Heading into this year, there was plenty of chatter and concern about a potential raft of downgrades for BBB-rated corporate debt, or the corporate bonds with the lowest investment-grade ratings. Bonds with those ratings are one to three notches above junk territory.
However, some corporate bond exchange traded funds with significant BBB exposure are proving to be solid performers in 2019. The iShares iBoxx $ Investment Grade Corporate Bond ETF (NYSEArca: LQD), the largest investment-grade corporate bond exchange traded fund, devotes about 51 percent of its weight to BBB-rated debt.
LQD seeks to track the investment results of the Markit iBoxx USD Liquid Investment Grade Index composed of U.S. dollar-denominated, investment-grade corporate bonds. LQD allocates 95 percent of its total assets in investment-grade corporate bonds to mitigate credit risk. LQD is higher by 3.55% in the first quarter.
“The investors who bought new BBB-rated bonds after the selloff were rewarded. Over the past month, the average newly issued BBB-rated bond’s spread has narrowed by 0.26 percentage points, far more than new bonds in other buckets. A-rated bonds, for example, have narrowed 0.14 percentage points,” reports Alexandra Scaggs for Barron’s.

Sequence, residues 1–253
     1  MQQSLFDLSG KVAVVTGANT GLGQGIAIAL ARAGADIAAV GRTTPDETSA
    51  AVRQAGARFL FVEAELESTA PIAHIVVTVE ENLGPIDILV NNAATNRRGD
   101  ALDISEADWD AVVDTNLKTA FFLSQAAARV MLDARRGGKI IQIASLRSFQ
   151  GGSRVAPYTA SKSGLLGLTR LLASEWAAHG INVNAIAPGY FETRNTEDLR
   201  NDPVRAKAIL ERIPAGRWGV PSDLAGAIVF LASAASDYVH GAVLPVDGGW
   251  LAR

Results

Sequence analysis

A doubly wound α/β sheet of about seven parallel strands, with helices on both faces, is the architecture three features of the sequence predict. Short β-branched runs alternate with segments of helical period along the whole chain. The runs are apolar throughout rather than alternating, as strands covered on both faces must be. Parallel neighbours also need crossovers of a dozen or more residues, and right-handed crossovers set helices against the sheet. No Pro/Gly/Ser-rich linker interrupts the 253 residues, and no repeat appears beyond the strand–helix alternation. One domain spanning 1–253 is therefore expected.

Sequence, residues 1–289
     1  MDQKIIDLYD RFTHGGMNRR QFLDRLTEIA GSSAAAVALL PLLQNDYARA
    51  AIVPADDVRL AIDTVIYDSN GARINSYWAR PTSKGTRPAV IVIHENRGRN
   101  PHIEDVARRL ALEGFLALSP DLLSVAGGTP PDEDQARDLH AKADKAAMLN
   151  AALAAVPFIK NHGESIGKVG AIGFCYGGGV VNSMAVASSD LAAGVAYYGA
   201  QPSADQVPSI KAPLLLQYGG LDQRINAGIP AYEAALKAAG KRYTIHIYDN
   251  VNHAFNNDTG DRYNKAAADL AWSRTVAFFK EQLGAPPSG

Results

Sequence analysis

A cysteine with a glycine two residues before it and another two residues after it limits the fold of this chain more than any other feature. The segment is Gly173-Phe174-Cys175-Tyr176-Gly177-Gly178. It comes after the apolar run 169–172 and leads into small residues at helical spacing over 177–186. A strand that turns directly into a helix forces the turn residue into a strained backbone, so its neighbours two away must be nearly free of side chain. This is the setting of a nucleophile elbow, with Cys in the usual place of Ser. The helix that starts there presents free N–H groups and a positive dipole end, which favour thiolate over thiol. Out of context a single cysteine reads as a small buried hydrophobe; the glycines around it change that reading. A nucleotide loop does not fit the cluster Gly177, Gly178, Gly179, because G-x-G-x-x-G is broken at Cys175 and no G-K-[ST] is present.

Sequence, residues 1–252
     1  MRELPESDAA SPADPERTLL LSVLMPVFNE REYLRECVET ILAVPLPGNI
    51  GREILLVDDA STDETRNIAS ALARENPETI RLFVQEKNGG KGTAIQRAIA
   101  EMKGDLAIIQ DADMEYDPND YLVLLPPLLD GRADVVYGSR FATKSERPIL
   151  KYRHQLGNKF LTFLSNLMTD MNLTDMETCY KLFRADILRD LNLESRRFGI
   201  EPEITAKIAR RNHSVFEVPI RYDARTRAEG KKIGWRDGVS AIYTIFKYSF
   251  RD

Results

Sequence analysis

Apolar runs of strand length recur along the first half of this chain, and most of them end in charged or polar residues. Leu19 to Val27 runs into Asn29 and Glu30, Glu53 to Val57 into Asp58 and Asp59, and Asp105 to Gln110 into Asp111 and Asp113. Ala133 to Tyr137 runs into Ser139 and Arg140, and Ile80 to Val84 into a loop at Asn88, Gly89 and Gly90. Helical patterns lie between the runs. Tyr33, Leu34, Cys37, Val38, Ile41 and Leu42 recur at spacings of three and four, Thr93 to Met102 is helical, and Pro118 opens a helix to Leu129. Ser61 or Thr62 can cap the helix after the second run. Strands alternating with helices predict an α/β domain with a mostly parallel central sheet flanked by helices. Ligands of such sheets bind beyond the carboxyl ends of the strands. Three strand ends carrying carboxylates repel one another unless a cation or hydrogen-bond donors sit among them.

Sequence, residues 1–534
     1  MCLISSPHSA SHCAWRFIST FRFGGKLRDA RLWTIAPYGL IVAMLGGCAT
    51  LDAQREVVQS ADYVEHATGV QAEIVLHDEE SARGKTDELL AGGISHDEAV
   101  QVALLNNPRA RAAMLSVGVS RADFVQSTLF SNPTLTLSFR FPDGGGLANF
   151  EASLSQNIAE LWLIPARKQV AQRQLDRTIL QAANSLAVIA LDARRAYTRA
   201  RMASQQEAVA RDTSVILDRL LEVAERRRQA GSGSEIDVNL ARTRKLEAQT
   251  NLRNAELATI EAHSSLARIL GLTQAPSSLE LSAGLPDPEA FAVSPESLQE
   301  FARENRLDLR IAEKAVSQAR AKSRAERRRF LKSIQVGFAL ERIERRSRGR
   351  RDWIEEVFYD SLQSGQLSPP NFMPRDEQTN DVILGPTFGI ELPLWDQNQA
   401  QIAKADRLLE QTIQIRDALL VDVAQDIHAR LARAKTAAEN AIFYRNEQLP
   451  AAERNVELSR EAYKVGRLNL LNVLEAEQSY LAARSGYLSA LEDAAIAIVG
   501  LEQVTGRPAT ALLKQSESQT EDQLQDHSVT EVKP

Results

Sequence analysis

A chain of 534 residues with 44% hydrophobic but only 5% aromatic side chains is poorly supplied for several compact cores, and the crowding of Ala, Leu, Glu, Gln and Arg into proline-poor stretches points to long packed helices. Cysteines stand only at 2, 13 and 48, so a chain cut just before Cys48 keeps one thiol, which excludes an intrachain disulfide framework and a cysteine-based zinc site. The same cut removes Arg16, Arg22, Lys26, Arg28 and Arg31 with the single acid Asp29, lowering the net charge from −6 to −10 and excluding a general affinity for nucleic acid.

Another Idea for BBB-rated debt
The ProShares Investment Grade—Intr Rt Hdgd (CBOE: IGHG) is up 4.09% this year. At the end of last year, that fund allocated more than half its weight to BBB-rated debt.
IGHG tracks the performance of the Citi Corporate Investment Grade (Treasury Rate-Hedged) Index with long positions in investment grade corporate bonds issued by both U.S. and foreign domiciled companies. This is particularly important during market downturns when the propensity for a company to default on its debt is higher. As such, IGHG focuses on investment-grade issues to reduce credit risk.
“BBB-rated bonds have rallied 4% so far this year, according to Bloomberg Barclays Indices. After those gains, it is tempting to think that the best of the rally is over, but valuations of higher-rated bonds have climbed as well,” according to Barron’s.
For more trends in fixed income, visit the Fixed Income Channel.